If you prefer your sweet-and-sour red cabbage on the mellower side, you may substitute white wine vinegar, apple cider vinegar, or unseasoned rice vinegar.


Caraway seeds, salt and pepper to taste

Because the ingredient list is so short, these few seasonings do a lot of work in this recipe.


Salt and pepper enhance all of the other flavors, and the salt also helps the onions and cabbage to release their liquids as they cook.


In my mind, caraway is the flavor of rye bread, but it’s a common ingredient in recipes from many European, Middle Eastern, and North African cuisines.


It has a distinctive flavor profile that includes citrusy and peppery notes. They provide a “pop” of flavor that is, to my mind, essential in this recipe.


If you don’t have caraway seeds on hand, though, you could try substituting one of its close cousins. Fennel and dill seeds share the same shape and texture, along with several of the same flavor notes.


✏️ Instructions
Slice the onions and cabbage into strips
Sauté the onion and garlic over medium heat

Cut the red cabbage lengthwise into quarters, removing the stem and the core. Then, slice crosswise into strips.*


Cut the onion in half lengthwise, then cut each half into slices.


Heat the oil over medium heat in a large, heavy-bottomed pan. Add the onion and garlic with a pinch of salt (optional). Cook, stirring occasionally, until the onion is translucent and beginning to brown.

Add the cabbage to the pan with a pinch of salt
Sauté until cabbage is tender
Add the vinegar and caraway seeds

Add the red cabbage to the pot with a few more pinches of salt.* Reduce heat to medium-low and cook, stirring occasionally, for about 30 – 40 minutes or until the cabbage is tender. It will become a bit darker in color and glossy in appearance.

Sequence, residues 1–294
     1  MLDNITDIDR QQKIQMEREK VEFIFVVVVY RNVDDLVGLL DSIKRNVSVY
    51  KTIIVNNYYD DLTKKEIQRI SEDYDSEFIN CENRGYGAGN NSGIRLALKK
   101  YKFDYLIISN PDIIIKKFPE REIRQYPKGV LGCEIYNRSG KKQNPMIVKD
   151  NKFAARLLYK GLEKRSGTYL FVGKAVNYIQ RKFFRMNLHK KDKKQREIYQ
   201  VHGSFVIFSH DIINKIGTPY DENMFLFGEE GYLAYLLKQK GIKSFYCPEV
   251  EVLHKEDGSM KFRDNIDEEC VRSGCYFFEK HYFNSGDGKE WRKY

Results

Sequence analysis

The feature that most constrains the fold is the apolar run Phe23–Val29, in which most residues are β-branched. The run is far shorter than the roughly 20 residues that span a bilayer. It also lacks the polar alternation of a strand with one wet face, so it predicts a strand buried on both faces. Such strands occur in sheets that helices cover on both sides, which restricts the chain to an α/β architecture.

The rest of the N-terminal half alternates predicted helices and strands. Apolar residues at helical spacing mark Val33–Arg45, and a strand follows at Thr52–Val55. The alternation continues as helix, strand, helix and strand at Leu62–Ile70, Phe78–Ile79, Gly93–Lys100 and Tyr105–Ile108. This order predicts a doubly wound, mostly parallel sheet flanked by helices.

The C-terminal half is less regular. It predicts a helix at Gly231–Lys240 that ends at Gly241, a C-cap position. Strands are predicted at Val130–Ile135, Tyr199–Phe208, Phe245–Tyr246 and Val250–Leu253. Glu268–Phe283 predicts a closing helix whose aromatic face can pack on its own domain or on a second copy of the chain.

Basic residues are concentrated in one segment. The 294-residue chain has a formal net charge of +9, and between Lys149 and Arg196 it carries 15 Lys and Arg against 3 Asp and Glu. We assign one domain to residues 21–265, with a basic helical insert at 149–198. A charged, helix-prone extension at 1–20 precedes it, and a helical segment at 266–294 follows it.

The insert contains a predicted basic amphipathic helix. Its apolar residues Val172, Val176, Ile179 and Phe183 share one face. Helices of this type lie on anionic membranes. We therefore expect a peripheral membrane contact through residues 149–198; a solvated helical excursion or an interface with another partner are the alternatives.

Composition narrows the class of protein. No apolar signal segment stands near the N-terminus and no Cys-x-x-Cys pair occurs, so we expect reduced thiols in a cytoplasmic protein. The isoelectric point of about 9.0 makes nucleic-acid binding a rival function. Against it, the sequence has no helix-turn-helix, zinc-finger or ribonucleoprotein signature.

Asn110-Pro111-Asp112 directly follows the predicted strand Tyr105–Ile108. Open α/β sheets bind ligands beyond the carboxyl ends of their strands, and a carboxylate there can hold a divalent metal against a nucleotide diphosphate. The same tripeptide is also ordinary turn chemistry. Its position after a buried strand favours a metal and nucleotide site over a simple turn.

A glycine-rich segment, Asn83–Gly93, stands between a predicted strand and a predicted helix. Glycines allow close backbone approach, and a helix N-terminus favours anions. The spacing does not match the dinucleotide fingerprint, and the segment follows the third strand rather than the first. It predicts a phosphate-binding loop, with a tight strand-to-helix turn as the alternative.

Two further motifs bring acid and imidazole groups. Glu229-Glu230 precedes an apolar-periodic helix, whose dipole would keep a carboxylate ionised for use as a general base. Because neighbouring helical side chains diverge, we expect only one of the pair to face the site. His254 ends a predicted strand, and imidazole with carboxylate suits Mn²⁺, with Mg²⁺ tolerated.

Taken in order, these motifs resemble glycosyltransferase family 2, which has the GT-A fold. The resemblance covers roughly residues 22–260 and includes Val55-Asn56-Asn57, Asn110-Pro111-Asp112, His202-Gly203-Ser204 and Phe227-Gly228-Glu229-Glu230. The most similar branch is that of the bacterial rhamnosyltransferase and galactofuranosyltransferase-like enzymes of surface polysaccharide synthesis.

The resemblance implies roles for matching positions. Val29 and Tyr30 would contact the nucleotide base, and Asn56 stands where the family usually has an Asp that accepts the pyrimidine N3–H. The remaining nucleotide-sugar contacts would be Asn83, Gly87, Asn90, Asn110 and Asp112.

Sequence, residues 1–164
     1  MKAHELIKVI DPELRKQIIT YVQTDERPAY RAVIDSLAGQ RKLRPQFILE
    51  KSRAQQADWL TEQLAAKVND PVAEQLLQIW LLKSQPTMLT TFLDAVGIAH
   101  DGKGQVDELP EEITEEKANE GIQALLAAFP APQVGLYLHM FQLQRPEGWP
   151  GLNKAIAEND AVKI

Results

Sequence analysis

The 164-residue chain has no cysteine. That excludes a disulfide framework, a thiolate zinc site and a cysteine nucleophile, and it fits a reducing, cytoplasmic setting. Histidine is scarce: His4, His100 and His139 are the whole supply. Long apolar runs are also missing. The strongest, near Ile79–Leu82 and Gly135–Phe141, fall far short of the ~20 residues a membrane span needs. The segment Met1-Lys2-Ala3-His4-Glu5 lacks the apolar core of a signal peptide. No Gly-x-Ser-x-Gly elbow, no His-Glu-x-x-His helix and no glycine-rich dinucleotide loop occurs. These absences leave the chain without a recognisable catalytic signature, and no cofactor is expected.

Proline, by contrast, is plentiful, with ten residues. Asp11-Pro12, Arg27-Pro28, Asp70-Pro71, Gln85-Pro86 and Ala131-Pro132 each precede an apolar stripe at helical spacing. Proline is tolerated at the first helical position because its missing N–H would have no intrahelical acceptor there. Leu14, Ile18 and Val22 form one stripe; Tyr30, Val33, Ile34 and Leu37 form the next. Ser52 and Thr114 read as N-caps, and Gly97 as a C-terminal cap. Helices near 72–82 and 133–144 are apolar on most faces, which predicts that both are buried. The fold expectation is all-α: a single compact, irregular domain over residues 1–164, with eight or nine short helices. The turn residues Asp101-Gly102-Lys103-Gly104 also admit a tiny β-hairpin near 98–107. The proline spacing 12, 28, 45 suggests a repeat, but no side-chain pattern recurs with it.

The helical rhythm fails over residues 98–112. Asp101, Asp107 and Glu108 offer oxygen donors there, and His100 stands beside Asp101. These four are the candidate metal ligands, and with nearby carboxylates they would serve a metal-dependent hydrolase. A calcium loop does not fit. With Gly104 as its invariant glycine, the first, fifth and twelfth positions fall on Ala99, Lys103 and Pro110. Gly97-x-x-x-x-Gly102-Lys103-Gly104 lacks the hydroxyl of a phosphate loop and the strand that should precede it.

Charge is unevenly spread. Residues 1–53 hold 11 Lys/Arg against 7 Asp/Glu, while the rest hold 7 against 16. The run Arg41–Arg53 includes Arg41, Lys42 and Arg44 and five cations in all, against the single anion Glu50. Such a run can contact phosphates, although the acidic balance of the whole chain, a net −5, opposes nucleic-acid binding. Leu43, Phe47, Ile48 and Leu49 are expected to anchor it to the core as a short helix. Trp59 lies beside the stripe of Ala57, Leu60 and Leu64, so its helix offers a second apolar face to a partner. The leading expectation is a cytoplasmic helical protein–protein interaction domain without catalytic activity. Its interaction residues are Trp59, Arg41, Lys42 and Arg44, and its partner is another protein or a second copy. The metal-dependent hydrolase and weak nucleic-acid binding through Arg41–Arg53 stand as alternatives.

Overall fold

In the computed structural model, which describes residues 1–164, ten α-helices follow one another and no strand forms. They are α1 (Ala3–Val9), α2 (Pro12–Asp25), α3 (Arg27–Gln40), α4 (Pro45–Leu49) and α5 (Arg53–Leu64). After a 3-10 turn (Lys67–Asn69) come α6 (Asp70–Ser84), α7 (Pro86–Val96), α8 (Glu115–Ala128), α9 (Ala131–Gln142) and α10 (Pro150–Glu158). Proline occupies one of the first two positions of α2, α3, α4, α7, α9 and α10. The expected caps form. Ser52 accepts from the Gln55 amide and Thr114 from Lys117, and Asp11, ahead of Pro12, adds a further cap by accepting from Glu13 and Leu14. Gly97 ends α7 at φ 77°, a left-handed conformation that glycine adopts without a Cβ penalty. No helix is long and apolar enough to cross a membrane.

Stir in the white vinegar and caraway seeds, then continue cooking for 5 – 10 minutes to allow the vinegar flavor to meld with the cabbage. Taste before serving and add salt and/or pepper to taste.


🧰 What you’ll need

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  • A knife and/or a mandoline
  • A cutting board
  • A large pot

📖 Recipe

Braised Red Cabbage With Caraway Seeds

Recipe details

  • 8  servings
  • Prep time: 5 Minutes Cook time: 45 Minutes Total time: 50 min
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Ingredients


  • 1 head of red cabbage
  • 1 red onion
  • 3 large cloves of garlic, minced
  • 2 tablespoons oil
  • ⅓ cup of distilled white vinegar*
  • 1 tablespoon caraway seeds
  • Salt and pepper to taste

Instructions


Cut the red cabbage lengthwise into quarters, removing the stem and the core. Then, slice crosswise into strips.*
Cut the onion in half lengthwise, then cut each half into slices.
Heat the oil over medium heat in a large, heavy-bottomed pan. Add the onion and garlic with a pinch of salt (optional). Cook, stirring occasionally, until the onion is translucent and beginning to brown.
Add the red cabbage to the pot with a few more pinches of salt.* Reduce heat to medium-low and cook, stirring occasionally, for about 30 - 40 minutes or until the cabbage is tender. It will become a bit darker in color and glossy in appearance.
Stir in the white vinegar and caraway seeds, then continue cooking for 5 - 10 minutes to allow the vinegar flavor to meld with the cabbage. Taste before serving and add salt and/or pepper to taste.

Tips

  • I love the sharp flavor of white vinegar, but if you want to use something milder, feel free to substitute apple cider vinegar or white wine vinegar instead.
  • Thicker strips of cabbage will cook more slowly, but they can also maintain a bit more firmness after cooking. Thinner slices will cook quickly and can become quite soft.
  • Adding a bit of salt to the cabbage helps it to release its liquid.

Meg Kramer | Bittertreats